In yesterday’s post, I suggested all of us have similarities to Ebenezer Scrooge − we each have a Ghost of Christmas Past in the sense that our experiences have helped shape our character (or lack thereof) to some extent.

In A Christmas Carol, author Charles Dickens lays out (through the Ghost of Christmas Past) Scrooge’s earlier life and how his experiences engrained in him deep bitterness and hurt. Because Scrooge fed those feelings, he had become a terribly unpleasant and inconsiderate old man.


Again using the example of Scrooge’s night-time visiting spirits, we pivot here from Christmas Past to Christmas Present.

Scrooge’s Ghost of Christmas Present seems a dearer spirit, “a jolly Giant” dressed in a “green robe … bordered with white fur” and wearing on his head a “holly wreath” set with “shining icicles.” Christmas Present carries a torch that he uses to spread goodness and cheer wherever he goes. He also carries unpleasant knowledge (such as a potentially shortened life for Tiny Tim) that he only reveals to Scrooge in snippets.

So what makes the Ghost of Christmas Present so relevant for us today?

Christmas Present is today, this season in which we’re engaged (some of us more than others). This is our currency … the now. There’s no bringing back Christmas Past. Each one in the past has vaporized to memory.

Scrooge, from Charles Dickens: A Christmas Car...
Scrooge, from Charles Dickens: A Christmas Carol. In Prose. Being a Ghost Story of Christmas. With Illustrations by John Leech. London: Chapman & Hall, 1843. First edition. (Photo credit: Wikipedia)

Plus, there’s no guarantee we’ll experience a Christmas Future (as Scrooge experienced the Ghost of Christmas Yet to Come). Dropping dead before Christmas, dying on Christmas Eve, Christmas Day, we probably all know someone who has experienced such sorrow. Dying before next Christmas may not be a pleasant thought, but it happens. (Forgive me please, if this brings up grievous memories for you!)

We only have today, this moment. I think Scrooge’s Ghost of Christmas Present tried to impress upon Scrooge the importance of making each moment count, and this ghost “lived” the perfect example. The once-vibrant spirit ages so quickly in the tale, Scrooge questions the sudden change. The Ghost tells Scrooge his life is “very brief,” in fact, the length of Christmas Day only.

If we look at our lives this way − making today count and living each day with the same gusto and vigor − the briefness of life becomes irrelevant. I was recently reminded of someone whose life epitomizes this truth.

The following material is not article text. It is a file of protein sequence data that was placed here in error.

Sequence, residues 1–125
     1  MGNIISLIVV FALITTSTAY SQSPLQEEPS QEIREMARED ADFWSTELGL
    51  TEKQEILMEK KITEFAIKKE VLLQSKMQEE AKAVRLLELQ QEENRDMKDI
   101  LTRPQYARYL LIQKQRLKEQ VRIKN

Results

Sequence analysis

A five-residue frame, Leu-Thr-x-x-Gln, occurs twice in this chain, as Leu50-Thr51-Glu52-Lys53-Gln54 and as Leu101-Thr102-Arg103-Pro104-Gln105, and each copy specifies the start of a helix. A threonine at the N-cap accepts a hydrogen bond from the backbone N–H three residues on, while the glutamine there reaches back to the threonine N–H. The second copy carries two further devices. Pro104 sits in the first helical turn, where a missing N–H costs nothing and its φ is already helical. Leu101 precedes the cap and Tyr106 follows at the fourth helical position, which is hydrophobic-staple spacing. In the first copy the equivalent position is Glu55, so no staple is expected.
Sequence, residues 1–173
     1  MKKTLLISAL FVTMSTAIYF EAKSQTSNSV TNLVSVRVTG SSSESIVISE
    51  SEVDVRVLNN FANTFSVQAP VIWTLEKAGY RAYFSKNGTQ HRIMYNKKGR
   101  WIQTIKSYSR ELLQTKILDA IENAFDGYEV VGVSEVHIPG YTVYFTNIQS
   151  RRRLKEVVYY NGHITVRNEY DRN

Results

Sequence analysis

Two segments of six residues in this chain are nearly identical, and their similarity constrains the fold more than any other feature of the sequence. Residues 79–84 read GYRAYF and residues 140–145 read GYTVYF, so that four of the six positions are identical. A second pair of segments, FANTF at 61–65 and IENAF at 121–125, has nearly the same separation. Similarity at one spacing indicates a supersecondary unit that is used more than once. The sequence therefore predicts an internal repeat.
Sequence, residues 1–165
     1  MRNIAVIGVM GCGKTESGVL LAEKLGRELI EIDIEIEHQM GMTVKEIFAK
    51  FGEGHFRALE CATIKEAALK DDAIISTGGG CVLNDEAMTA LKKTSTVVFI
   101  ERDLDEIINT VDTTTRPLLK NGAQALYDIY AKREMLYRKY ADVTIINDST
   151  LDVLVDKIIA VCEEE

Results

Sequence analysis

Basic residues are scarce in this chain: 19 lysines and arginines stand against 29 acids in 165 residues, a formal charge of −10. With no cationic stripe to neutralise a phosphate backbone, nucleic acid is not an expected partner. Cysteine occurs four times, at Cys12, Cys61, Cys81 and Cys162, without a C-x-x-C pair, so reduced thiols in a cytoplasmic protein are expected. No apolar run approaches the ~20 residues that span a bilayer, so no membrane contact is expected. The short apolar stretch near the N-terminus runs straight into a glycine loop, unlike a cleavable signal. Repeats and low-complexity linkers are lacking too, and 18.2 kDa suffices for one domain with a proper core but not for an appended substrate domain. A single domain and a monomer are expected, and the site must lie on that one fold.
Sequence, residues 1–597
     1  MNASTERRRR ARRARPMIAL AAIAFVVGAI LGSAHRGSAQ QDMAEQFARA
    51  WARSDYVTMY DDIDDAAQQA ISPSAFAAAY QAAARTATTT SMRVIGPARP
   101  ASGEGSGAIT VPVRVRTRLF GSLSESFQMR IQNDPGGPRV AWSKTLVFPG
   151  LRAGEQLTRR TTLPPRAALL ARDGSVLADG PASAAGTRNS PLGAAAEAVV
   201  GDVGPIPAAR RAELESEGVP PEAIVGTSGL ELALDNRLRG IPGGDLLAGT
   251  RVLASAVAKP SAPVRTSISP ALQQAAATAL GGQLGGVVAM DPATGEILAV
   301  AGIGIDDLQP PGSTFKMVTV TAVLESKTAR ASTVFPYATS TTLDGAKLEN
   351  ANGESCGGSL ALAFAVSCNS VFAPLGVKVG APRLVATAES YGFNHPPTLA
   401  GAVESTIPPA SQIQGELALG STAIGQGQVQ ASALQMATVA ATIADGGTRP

The man’s name was William Borden, heir of the Borden milk-products family. He was born in 1887 and enjoyed all the advantages of wealth and privilege. While still a teenager, he made a momentous decision to become a missionary and he focused his life with this goal in mind. (Of course, this wasn’t his family’s goal for him; they wanted him to take over the family business.)

Borden entered college at Yale University, spent four years there and went on to Princeton Theological Seminary for three additional years. Friends were dismayed at Borden’s single-minded devotion to serve as a missionary; they considered he was “throwing his life away.” In contrast to this thinking, Borden continued to move forward. In his journal, he wrote:  “Say ‘no’ to self, say ‘yes’ to Jesus every time.”

While he was still attending seminary, he gave away his personal fortune. Inside the flyleaf of his Bible, Borden wrote the words:  No Reserve.

After completing his education, job offers followed. He turned them down. Writing once more in his Bible, he added two new words:  No Retreat.

Having chosen to serve as a missionary to China, Borden embarked on his voyage. Beforehand though, he received word his father was seriously ill. Instead of returning immediately to his father’s side, he continued on his journey. Another statement was added in his Bible:  No Regrets.

But Borden never arrived in China to begin his ministry. He was in Cairo when he contracted meningitis and within a month the 25 year old had died. Did he (as some classmates suggested) throw his life away?

It’s true he never achieved his goal of being a missionary to China. Nevertheless, the accounts of the years before he set sail indicate he was already living a life in service to his Lord. He was living in the Present, doing what he believed God wanted him to do now, at each moment. Each activity into which he poured himself became an example to those who worked alongside. Newspapers far and wide carried the sad news of his death.

Borden’s short life conveys the urgency that the Ghost of Christmas Present taught to Ebenezer Scrooge. In thinking of gifts for loved ones, our presence is often our best present.